Adelaide Festival. State Theatre Company and Belvoir Theatre. 25 Feb 2020
In the world of the 13 year old, there is little that gets in or out. You want what you want, and most people on this planet exist to stop you from getting it.
For the dancers from Pat’s dance Academy in Liverpool, Ohio, in training to make the finals in Florida, the world of the hormone driven 13 year old inexorably begins to unravel around them; friends are lost, passions are ignited, ambitions are thwarted and reality is denied.
The teens are played by a cast that aren’t anywhere near 13; grown women (and one male) of varying ages take up the roles, stepping out in sassy sailor costumes for the opening number, and for the most part, despite the cute red leotards, they just don’t look like dancers. But they could have been, and that nostalgic nod to what might have been is referenced throughout the production.
Mitchell Butel plays dance teacher Pat and is very understated. He does little to inspire either us or the company; one keeps waiting for him to break out, and he just doesn’t.
Playwright Clare Barron has taken on some meaty issues in this play; ambition, expectation, friendship, love, sexuality and broken dreams.
To the fore is sexuality and its concomitant power. Men know this power, and they own it. In Dance Nation, these sexual neophytes are exploring their bodies, trying to understand the changes that are going on, what this means for them, and for their dancing.
Yvette Lee plays teacher’s pet Amina, the best dancer in the company and best friend of Zuzu (Chika Ikogwe). When Pat announces that the competition production will be an homage to Ghandi, everyone expects Amina will get the main dancing role, but it goes to her friend. Zuzu knows she is a good dancer, but she also knows she will never be “sensational”, as she explains in one of the moving soliloquies of the piece. Zuzu comes to understand that this a turning point in her life, and turn she does.
Amina also learns that she needs to own her talent, and in the way of many women, suffers from ‘imposter syndrome’; she doesn’t think she has the skills that she so obviously does, and Pat challenges her to understand this.
Rebecca Massey plays the gentle Maeve, who wants to be an astrophysicist. It helps, as she secretly acknowledges, that she can fly. And one day, she bluntly states, she’ll forget how, and that she ever did.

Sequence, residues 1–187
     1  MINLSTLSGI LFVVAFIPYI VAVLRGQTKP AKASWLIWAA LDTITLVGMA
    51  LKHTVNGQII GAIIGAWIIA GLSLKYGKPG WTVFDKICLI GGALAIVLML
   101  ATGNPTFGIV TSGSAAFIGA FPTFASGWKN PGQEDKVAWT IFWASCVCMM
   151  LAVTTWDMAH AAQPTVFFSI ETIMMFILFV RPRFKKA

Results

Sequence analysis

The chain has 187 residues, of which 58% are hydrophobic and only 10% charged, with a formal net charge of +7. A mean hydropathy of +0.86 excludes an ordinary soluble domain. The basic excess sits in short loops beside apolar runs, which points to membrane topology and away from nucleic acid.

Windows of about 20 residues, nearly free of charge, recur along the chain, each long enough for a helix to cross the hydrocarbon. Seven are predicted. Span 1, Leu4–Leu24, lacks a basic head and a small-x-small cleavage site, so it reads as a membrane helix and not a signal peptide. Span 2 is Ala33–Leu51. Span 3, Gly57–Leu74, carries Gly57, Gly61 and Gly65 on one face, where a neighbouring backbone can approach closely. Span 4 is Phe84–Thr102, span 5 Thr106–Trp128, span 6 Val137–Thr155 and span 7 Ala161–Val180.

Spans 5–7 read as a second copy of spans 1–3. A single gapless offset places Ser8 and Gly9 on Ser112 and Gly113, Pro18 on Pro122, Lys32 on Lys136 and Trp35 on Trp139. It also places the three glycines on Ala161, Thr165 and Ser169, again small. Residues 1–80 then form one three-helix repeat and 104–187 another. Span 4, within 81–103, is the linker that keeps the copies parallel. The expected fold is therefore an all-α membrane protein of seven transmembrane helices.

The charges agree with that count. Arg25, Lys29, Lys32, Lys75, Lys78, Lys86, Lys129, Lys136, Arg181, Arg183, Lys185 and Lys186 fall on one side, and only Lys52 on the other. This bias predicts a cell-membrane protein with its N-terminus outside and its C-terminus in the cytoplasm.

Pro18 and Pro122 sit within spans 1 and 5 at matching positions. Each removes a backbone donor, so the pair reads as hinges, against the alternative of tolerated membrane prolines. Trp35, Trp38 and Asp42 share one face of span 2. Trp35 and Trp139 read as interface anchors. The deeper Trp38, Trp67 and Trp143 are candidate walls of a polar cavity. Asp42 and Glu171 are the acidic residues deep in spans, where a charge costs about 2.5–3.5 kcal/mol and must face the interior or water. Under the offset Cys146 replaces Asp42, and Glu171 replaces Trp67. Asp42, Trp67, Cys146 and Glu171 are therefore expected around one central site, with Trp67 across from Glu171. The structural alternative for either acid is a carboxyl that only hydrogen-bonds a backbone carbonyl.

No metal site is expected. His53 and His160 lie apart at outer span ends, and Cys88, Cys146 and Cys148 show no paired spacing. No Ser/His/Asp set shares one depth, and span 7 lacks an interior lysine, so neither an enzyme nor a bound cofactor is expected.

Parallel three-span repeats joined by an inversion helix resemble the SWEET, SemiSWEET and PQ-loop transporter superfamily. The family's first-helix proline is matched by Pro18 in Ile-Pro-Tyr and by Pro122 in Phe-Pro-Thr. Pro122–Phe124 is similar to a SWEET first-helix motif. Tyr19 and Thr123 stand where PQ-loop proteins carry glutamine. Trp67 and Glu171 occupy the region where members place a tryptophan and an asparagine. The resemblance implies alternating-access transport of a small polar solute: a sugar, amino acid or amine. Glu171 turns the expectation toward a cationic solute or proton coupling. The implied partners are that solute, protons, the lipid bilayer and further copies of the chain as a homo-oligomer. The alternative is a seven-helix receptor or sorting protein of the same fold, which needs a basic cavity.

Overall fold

It is Amber McMahon as Ashlee who most deftly shows what the results can be when women work to own their sexual power. Ashlee is right into masturbation, and eager to learn about new sexual experiences. She tells us that men think she has a fantastic arse; that she is beautiful. But she denies their compliments, knowing full well that they are true. She’s brilliant, and she’s going to get 100 per cent on her SATs, and she’s going to be a surgeon - but men don’t want to hear that.
Ashlee’s monologue is shocking, breathtaking, funny, confronting. As she owns her body, her sexuality, and her explicitly named body parts, she screams, “I am your god. I am your second coming. I am your mother and I’m smarter than you and more attractive than you and better than you at everything that you love and you’re going to get down on your knees and worship my mind, my mind and my body, and I’m gonna be the motherfucking KING of your motherfucking WORLD.”
The ensemble work well together, and the device of older women playing 13 year olds really works. It helps to accept some of the dark, strange thoughts of the girls – because young girls do have dark, strange thoughts. It’s why they love Sylvia Plath.
It’s a tight production from Imara Savage, and an intelligently rendered ‘dance studio’ set.
This is not a production for everyone; the coarse language is really coarse, and some of the concepts are very confronting. But if you think theatre should be confronting, then this is absolutely for you.
When: 25 Feb to 7 Mar
Where: Scott Theatre